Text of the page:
8. I just moved back here from the UK. There, I had a 1999 V70 Volvo wagon. It cost me average of 120 pounds to 90 pounds to fill up. That is around $9 a gallon. That was each WEEK due to zero buses / public transport in rural areas. Given the sheer size of the US the gas mileage of an individual vehicle is important but the price per gallon is still cheap c/f Europe. Best thing to do is drill baby drill and get it back down to $2.89 and the only thing that will do that is a regime change in DC.

  9. Jstarusa says:

    Nice to hear common sense replies for a change.

  10. In 1960 I was paying $.25/gallon. That is 25 cents people.

  11. thestorm says:

    The fed. gov. gets around 18% of every $1.00 spent in fuel which is suppose to maintain our highways,bridges,ecx. That being the case,why do they put these projects in stimulus packages that we are borrowing money to pay for the projects? The same is true for the state tax on fuel.State fuel tax are different in each state depending upon how much money they want to steal from you.Think about how much fuel is bought on a daily basis. These people are soaking us. If they really cared about us,they would susoend the tax now to make our lives somewhat better.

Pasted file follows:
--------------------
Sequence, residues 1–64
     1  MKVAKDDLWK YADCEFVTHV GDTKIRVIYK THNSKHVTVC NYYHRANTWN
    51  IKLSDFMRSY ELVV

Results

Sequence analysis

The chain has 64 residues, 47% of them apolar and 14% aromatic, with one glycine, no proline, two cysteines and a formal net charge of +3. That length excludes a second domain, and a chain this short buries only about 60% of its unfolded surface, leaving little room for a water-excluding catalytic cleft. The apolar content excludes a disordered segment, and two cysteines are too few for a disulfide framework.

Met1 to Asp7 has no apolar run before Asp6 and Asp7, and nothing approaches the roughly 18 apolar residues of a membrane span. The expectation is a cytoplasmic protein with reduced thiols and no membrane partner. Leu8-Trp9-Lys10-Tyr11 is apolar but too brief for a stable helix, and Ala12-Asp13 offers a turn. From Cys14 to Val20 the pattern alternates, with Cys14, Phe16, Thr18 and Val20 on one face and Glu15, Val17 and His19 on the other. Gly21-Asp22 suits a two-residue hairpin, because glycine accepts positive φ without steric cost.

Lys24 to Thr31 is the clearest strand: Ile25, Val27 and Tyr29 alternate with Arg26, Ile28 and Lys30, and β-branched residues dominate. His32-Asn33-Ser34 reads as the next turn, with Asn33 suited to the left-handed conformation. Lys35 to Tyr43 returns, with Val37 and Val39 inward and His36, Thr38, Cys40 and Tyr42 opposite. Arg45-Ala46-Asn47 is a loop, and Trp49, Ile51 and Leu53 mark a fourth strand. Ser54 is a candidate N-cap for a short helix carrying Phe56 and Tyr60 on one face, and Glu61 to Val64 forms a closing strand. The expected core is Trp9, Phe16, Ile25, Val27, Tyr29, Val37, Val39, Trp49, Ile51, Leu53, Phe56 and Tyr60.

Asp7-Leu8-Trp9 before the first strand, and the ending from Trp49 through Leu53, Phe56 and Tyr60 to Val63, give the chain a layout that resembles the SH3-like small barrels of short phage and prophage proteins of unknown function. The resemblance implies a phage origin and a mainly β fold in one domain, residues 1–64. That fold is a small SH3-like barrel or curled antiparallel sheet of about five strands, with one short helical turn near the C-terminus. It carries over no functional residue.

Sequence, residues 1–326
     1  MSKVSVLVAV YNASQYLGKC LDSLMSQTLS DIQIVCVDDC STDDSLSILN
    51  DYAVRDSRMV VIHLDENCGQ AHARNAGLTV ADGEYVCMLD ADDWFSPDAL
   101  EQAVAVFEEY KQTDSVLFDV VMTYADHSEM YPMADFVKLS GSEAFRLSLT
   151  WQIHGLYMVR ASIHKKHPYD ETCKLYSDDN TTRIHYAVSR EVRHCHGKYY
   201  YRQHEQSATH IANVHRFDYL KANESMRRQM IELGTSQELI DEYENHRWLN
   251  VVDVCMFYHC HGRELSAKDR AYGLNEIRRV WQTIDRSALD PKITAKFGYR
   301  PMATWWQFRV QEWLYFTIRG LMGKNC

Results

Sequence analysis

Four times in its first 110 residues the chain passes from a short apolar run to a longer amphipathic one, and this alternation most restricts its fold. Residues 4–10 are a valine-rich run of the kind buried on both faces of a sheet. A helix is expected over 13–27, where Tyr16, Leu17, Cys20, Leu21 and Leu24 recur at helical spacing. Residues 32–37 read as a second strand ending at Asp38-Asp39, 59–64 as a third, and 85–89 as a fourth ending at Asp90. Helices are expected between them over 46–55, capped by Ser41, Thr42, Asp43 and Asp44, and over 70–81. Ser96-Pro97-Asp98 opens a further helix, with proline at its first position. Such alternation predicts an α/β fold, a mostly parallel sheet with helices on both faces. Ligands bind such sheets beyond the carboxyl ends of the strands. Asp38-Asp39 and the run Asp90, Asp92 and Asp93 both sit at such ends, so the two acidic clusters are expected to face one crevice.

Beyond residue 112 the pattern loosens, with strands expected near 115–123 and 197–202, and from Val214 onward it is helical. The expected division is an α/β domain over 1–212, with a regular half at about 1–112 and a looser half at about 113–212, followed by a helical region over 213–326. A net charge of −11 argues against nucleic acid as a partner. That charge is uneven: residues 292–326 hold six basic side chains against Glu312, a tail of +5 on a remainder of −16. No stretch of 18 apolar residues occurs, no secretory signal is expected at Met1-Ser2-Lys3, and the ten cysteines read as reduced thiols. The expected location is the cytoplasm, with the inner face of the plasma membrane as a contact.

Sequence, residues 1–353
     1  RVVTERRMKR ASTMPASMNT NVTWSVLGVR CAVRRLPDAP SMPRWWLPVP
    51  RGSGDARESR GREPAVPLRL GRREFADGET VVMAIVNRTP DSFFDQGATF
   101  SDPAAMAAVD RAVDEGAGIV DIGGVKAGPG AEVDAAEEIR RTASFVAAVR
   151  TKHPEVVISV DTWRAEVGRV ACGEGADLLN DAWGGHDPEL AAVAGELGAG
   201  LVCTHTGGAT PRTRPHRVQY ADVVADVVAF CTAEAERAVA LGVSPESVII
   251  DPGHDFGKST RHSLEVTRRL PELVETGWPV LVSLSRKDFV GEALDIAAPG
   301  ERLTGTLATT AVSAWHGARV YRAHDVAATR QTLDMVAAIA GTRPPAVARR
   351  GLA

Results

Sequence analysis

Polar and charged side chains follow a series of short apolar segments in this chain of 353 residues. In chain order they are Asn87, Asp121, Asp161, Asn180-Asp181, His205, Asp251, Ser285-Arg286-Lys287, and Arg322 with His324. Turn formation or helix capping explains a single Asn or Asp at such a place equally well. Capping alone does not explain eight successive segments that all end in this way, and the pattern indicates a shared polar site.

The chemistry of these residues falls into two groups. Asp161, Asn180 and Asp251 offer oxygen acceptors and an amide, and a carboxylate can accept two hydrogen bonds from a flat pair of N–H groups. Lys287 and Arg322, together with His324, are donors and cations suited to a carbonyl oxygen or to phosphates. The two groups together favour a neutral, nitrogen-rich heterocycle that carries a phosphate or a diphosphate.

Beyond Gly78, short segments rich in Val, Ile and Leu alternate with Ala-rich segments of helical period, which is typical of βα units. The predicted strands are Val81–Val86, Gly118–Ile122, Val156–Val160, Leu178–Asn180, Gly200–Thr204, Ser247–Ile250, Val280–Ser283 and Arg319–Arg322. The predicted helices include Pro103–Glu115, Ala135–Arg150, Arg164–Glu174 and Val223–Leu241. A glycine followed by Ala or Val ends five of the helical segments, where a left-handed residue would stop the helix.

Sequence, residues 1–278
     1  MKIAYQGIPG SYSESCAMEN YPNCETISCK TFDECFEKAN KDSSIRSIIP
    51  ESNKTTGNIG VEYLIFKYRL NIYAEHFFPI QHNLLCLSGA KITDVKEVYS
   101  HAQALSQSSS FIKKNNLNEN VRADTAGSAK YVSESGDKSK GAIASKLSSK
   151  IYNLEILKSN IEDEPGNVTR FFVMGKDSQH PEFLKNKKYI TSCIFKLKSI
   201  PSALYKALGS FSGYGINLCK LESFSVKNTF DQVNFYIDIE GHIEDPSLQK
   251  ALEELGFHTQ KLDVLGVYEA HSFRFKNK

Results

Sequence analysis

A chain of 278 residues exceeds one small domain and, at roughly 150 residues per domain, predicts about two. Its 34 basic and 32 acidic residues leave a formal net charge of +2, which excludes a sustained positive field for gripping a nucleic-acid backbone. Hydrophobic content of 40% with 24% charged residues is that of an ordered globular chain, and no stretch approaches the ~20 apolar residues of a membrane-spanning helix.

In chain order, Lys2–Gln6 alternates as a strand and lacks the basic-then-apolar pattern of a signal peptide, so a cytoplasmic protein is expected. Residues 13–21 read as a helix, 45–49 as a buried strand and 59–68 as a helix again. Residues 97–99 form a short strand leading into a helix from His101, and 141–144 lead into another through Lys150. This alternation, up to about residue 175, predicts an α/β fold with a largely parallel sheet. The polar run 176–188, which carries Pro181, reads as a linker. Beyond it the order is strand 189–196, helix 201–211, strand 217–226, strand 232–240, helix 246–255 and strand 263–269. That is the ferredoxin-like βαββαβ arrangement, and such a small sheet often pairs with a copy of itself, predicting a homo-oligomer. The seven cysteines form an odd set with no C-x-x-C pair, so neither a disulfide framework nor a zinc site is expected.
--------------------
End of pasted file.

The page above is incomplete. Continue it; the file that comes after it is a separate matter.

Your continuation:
12. Donald Vastlik says:

    In the article you said poor people don]t drive much so the burdon is on the middle class. If a family lives in a rural area like I do in Mississippi everyone must drive. The poor people get trapped also.

  13. You have it right, Peter. Welcome to the U.S. Hopefully you're a documented U.S. citizen so you can assist us in the regime change in November.

  14. Gregoire says:

    Gary, you are older than I am and I remember $0.19/gallon in the mid 70s for gas and diesel was even cheaper. The dishonesty of the government and media charts is profound. When we talk about the impact on other commodities due to transport we need to really consider Diesel. It should be lower than gas as it is less costly to produce and transport so it has even more taxes built in.

  15. Halo9x says:

    You are right, Obama has had 3 and a half years to increase drilling on Fed lands. What has he done? Nothing but hinder all efforts and lies saying that he has done all that can be done. He is about to kill the coal industry. Power plants are closing down due to his EPA going after them. He needs to go!